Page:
Reply
zezmerelda July 5, 2020 at 5:39 pm

wondering about head coverings or scarves in europe——————are they required in churches, etc.?

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Music by Bitutu July 5, 2020 at 5:39 pm

There's nothing wrong with looking like a tourist while on vacation

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Emily July 5, 2020 at 5:39 pm

When I went to Italy on a school trip (about ten years ago now) I researched what to wear so I knew to be respectful in the churches so I made sure to bring and wear clothing that covered my shoulders and knees on those days. The girls who didn't were given hospital gown looking flimsy sheets to cover themselves. Really takes away from the experience if you're embarrassed like that, I'd imagine lol

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Morgan Schmidtke July 5, 2020 at 5:39 pm

Great tips! Thank you! You have a very soothing voice as well. 🙂

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• Éloise • July 5, 2020 at 5:39 pm

I’m from London, what am I doing lol

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clark kent July 5, 2020 at 5:39 pm

Fashion look

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KJ Channel July 5, 2020 at 5:39 pm

Good and practical edea 💕💕💕 watching your channel here in philippines ❤

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Robyn Patterson July 5, 2020 at 5:39 pm

If you wanna look like a British chav definitely go for a tracksuit and you'll fit right in 😂 gotta have some Nike Air forces tho

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Louise Leite July 5, 2020 at 5:39 pm

Gym clothes are the norm now in England ☹

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Hanna Stenros July 5, 2020 at 5:39 pm

As a former morning jogger/runner I can say that only between 05.00-06.00 while running I was left alone in middle/southern Europe but If I run after 07.00 and paused near a citycenter I was often surrounded by kids shed 4-6 or so, that their parents had ordered there to pickpocket me. I had no pockets either so I was such a disappointment that some kids started to cry and tell their parents; there is nothing to steal. I admit I felt a bit sorry for the kids but I did not run except when Most people were not awake yet. Running gear is not considered decent appropriate clothing by every religious grandmother either so some tried to force a baggy dress over me. So I avoided running where there were people. In northern Europe we are more used to seeing people dressed in sports gear or skimpier clothing. Not saying that it is appreciated by all but people wearing bathing clothes in town or too short shorts can get arrested or/and fined for being inappropriatedly dressed. It happened to me once as a kid when a policeman thought I was biking in a T-shirt and pink silk pyjamashorts. Mom had bought them for me and I had no idea they were illegal to wear outside.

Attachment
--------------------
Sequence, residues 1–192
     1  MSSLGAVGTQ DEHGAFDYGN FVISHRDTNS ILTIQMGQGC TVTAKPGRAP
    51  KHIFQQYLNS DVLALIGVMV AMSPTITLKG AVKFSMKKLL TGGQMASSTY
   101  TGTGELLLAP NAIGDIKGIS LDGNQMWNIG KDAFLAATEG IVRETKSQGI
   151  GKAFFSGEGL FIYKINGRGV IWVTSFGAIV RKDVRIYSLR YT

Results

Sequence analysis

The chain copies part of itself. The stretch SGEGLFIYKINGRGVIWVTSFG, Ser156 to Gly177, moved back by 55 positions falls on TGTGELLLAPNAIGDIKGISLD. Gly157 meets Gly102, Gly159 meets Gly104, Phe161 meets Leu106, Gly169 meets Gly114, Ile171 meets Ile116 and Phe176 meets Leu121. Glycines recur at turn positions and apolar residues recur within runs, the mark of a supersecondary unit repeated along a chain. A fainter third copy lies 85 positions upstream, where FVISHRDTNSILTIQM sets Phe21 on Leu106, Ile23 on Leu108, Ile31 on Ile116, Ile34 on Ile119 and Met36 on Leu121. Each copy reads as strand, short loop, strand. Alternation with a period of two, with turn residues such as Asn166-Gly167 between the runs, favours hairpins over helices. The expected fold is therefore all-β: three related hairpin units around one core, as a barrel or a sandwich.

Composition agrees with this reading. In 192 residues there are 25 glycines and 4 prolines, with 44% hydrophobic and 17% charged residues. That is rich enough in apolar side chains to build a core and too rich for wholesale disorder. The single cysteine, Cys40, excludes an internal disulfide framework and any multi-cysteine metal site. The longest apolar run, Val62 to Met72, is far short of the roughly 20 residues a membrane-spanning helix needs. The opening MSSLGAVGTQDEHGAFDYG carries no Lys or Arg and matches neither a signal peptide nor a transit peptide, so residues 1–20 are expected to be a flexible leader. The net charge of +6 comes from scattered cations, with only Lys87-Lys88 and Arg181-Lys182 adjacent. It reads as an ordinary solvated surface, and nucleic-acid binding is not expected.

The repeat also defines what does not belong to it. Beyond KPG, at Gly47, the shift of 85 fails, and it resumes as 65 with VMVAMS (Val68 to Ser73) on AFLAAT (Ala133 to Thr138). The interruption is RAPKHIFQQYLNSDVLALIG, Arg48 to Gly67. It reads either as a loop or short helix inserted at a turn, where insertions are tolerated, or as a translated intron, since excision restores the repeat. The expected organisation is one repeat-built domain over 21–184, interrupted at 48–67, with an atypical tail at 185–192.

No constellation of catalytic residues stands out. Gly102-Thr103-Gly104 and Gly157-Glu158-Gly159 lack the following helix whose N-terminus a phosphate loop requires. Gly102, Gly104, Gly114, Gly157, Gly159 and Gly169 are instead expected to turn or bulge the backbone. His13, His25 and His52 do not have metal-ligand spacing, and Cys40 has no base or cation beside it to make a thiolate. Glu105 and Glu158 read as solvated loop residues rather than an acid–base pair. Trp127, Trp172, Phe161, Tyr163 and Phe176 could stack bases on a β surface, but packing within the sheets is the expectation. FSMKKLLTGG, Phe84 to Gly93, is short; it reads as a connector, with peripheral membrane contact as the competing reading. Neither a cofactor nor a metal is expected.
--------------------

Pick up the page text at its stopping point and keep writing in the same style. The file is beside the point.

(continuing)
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Liv Nielsen July 5, 2020 at 5:39 pm

The most important one, of course, is how loud you speak (had to ask a guest at a restaurant to lower his voice because other guests couldn't hear each other's conversations- it was quite embarrassing for us both), but also be aware that in most European countries- at least the northern ones when you order a dish it is curated to taste perfect and it is seen as slightly rude to interchange several of the items in the dish. I'm assuming it's quite normal in America you can choose sides, mains and salad yourself, but in Europe, you don't individualize your order as much, but rather take it as it is (which is usually also really good!)

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forsenCD July 5, 2020 at 5:39 pm

How to not look like a tourist: stop looking up and taking pictures of everything you see. Natives look downwards and they walk fast like they know where they sre going. Try to look like you're not interested in anything.

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Tiphanie Drancourt July 5, 2020 at 5:39 pm